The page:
Artin Black: WWII-era NYC’s Forgotten Running Folk Hero
While looking for archival photos from early runnings of the NYC Marathon, I stumbled across the image on the left on the New York City Department of Records website. I was intrigued. And I had to know more.
There’s a lot to unpack from this annotated photo.
First, who was this “Artin, calisthenic marathon runner?” What was his “coast to coast… no hitch hiking” aim? And why send a partially clothed beach portrait to Fiorello H. La Guardia, the 5’2″ Republican dynamo mayor of New York, now perhaps best known as the namesake for the city’s shittiest airport and Nicki Minaj’s high school alma mater?
So I got to digging and this is what I found.
There isn’t a ton of information on Artin Black, as I discovered his full name was. But what’s there, is extremely bizarre and funny, and makes me think he’s the forgotten running folk hero and patriotic weirdo we need, but don’t deserve.
A February, 1944 New Yorker profile summarizes his origin story:
Four years ago, while waiting on a woman customer in a shoe store he owned in the Bronx, he was seized with an uncontrollable desire to run somewhere. Leaving his customer he ran out to Brighton Beach & ran up and down the beach for several hours. He works eight hours a day as a long-shoreman for the N.Y. Central & other companies, making practice runs during his lunch hours. At the close of the day he goes to the Luxor gymnasium, changes into his running togs, & is off for 5 to-seven mile patriotic spin before supper.
Okay. It’s worth noting that the run from really anywhere in the Bronx to Brooklyn’s Brighton Beach is gonna be at least 20 miles long. But the biggest takeaway form that incredibly dense paragraph are that he abandoned his small business to scratch an impulsive itch. Let’s also revisit the phrase, “patriotic spin.”
From that same article, we learn that he:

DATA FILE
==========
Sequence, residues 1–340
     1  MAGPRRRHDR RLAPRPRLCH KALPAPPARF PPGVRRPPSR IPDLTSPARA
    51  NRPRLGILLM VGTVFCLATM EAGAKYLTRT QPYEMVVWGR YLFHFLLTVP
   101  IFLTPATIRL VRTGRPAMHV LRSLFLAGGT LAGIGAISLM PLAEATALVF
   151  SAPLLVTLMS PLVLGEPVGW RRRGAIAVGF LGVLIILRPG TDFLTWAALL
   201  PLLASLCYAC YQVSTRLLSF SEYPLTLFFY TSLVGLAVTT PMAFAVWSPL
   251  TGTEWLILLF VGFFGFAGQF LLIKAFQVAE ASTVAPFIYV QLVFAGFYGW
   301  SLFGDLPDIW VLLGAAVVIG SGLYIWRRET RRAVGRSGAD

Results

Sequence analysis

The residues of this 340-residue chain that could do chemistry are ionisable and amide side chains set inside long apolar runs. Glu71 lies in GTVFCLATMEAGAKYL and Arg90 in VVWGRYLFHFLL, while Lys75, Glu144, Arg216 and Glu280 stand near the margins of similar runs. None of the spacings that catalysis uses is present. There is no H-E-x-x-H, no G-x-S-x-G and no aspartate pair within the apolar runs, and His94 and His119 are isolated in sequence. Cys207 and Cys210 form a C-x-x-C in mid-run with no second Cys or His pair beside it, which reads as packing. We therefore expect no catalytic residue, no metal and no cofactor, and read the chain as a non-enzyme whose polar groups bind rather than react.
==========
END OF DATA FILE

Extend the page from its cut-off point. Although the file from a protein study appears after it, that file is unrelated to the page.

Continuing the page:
…devotes at least two hours of each day to running thru the streets advertising worthy causes on the front & back of his sweatshirt. There’s nothing in it for Black, he just loves to run & be helpful. Today it’s for War Bonds, tomorrow it’ll be the U. N., the day after that, the WACS.
He owns more than 20 sweatshirts, each emblazoned with a different pair of messages. He’s spent $200 on his equipment. He always carries two-pound dumbells on his journeys & continuously tosses them up in the air.
But this New Yorker piece pales in comparison to an extremely funny article that ran in the April 29th, 1945, edition of the now defunct Brooklyn Daily Eagle, titled “Little Man Will Be There in Trunks to Aide Bond Sales.” Here are some excerpts, sans context, and I assure you, they are all real; old newspapers used to be very awesome:
“Residents of the Coney Island area are hereby warned not to be alarmed if they see a stocky little man clad in running trunks and emblazoned sweatshirt scurrying along the beach and simultaneously manipulating a pair of steel dumbbells.”
“…from the front view, it appears that the runner is urging support for the 7th War Loan, while from the rear, it is evident that he is sponsoring the United National Clothing Collection… the runner’s sweatshirt is designed to catch you coming and going with a different message.”
“He is known as the only ‘Calisthenic Marathon Runner’ in America, and perhaps in the entire world. Modest forbids [him] to say. [He] was turned down by the army because he had insufficient teeth, and the running is his personal contribution to the Home Font.”
“Neither snow, nor cold can stop this fleet-footed carrier of war slogans. Only Rain. ‘I never run in the rain,’ he said, although he will swim in December.”
“Black is also a masseur. He became exasperated after waiting in line at a bathhouse. He grabbed a towel and began massaging people. After a while he got a job there…”
The article also mentions his desire to run to the top of the Empire State Building.
As luck would have it, an elevator operator strike the next year granted Artin his wish of ascending the staircase of the Empire State Building. From the press clips (on the left) we also learn that he always ran with a prune in his toothless mouth, which seems like something the Daily Eagle article should have mentioned.
And that’s where the Artin Black trail went cold. For about half of a glorious decade he periodically popped up in local newspaper articles. He was championed as an eccentric exerciser and hellbent on advocating for the United States’ wartime efforts. I want to know more, but I’m afraid before the age of 24-hour new cycles and internet record-keeping, incredible human interest stories often wound up forgotten.
Here’s hoping our quirky, stocky boy continued to play by his own rules. That he crushed patriotic miles well into old age. And that he eventually went coast to coast, with no hitchhiking.